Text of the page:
Michigan coach John Beilein says he is looking for Duncan Robinson to be a "Hunter'

Michigan coach John Beilein expects sophomore Duncan Robinson to alter his approach this season from scout team member to reliable outside scorer in more of a hunting role since transferring in from division three Williams College.

A year ago, the pressure was seemingly off the shoulders of Michigan's Duncan Robinson, prepared to sit out the season after transferring from division three Williams College.

Fast forward to now and the current Wolverine sophomore is vying for serious playing time under John Beilein heading into the 2015-16 season in Ann Arbor.

To Robinson though, while some things change, others remain the same.

"There's definitely some differences but there's a lot of similarities as well," Robinson said.

"My mindset all of last year was just help the team however I can and that hasn't changed a lot into this year. Wherever I'm needed I'm kind of there."

And where exactly Robinson fits into the offense is exactly what the Wolverines, and specifically his coach John Beilein, have been figuring out.

Standing 6-foot-8, 210-pounds, reports of Robinson's shooting ability were told early and often throughout last season. Apparently, that's carried over into practices this fall.

Still, Beilein has a vision for what Robinson can be, and what exactly the next step is in his development.

"We're trying to teach him, which you don't have to teach most people, is to hunt," Beilein said. "He needs to be a hunter and he is starting to hunt. But that was not the mentality, on the scout team we told him he really needed to try to get into his own and he wouldn't do it he would just play the game the right way.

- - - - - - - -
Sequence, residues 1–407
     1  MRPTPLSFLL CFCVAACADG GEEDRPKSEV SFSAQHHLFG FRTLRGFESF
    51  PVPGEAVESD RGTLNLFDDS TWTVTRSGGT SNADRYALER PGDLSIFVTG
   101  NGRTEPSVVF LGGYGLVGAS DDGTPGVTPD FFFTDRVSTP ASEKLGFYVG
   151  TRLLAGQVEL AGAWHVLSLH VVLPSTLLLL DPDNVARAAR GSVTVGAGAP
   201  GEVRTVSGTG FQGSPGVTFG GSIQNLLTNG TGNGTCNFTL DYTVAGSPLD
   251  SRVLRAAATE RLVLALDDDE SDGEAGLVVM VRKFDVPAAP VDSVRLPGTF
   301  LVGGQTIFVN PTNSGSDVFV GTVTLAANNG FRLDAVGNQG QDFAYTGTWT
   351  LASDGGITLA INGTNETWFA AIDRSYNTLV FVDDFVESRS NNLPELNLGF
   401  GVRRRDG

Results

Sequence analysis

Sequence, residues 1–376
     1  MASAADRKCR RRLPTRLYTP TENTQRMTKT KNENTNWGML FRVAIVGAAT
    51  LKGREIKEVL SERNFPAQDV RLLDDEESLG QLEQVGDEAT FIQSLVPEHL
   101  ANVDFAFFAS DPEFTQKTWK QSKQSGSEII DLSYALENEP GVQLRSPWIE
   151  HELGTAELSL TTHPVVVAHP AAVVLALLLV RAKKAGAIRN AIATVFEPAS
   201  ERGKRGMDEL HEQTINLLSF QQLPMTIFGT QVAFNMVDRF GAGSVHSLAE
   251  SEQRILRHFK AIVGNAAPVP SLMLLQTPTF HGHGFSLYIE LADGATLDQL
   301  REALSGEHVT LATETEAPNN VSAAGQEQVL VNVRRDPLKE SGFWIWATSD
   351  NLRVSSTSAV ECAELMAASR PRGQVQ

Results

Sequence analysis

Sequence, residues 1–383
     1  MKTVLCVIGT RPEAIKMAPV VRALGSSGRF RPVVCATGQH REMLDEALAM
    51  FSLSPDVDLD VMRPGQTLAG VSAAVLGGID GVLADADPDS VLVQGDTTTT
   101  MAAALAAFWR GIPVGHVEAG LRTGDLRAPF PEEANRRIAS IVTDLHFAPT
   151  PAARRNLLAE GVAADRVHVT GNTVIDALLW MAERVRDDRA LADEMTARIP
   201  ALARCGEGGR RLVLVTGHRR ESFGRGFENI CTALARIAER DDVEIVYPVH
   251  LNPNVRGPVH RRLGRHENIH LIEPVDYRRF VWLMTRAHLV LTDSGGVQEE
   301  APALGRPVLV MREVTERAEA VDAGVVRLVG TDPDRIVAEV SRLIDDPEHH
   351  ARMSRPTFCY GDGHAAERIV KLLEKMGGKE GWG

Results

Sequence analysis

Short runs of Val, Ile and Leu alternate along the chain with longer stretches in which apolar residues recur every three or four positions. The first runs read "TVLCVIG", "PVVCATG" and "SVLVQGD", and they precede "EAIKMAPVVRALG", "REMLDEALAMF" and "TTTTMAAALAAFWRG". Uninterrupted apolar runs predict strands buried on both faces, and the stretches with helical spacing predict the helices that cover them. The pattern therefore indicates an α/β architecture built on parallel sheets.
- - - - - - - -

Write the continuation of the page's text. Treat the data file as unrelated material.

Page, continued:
"But a shot he's slightly guarded in, we feel at some times is just as good for some of our other guys when they may be wide open. It's a good problem to have."

Being given a green light offensively should come only as welcomed news for a dead eye three-point shooter in the game of basketball.

For Robinson, it's still a learned skill but one he's clearly ready to take on when the team calls his number.

"The coaching staff has definitely got on me about that," Robinson said. "My teammates have been really good about that too just staying on me and making sure I'm aggressive.

"They obviously feel that's when I'm playing my best so it's been a little bit of a mental transition for me but it's been good, been good so far."

Back in the 2013-14 season, then sophomore wing Nik Stauskas was in a similar dilemma. In Stauskas' freshman season, Beilein didn't have to tell his young pupil to shoot the basketball, he did and with great success.

But in Stauskas' second year, the Wolverines needed him to emerge and be more aggressive in the offense, something that partially was responsible for earning Stauskas' Big Ten Player of the Year.

While a jump like that is likely out of the realm of possibility in year one for Robinson at Michigan, finding the right balance and role will be key.

"That's a big thing with him, kind of playing smart and there's that line between playing smart and aggressive," Robinson said. "And that's kind of a feel thing, something I've been working on.

"It's one thing to do in practice but it's another thing to do it in a game. I'm excited for the opportunity to try it in game time."

Robinson won't have to wait much longer as the Wolverines officially tip-off the season on Nov. 13 at home against Northern Michigan.

While last year was difficult, forced to be on the sideline, Robinson believes there's several positives he'll take with him when he steps on the Crisler Center floor and checks into a game for the first time.

"It's a lot different sitting on the bench not itching to get into the game," Robinson said. "I mean obviously I was itching to get into the game but knowing that you can't get called on you see things that maybe you wouldn't see normally."

"I'm really excited," added Robinson. "It's been a long time sitting out but I'm really excited."

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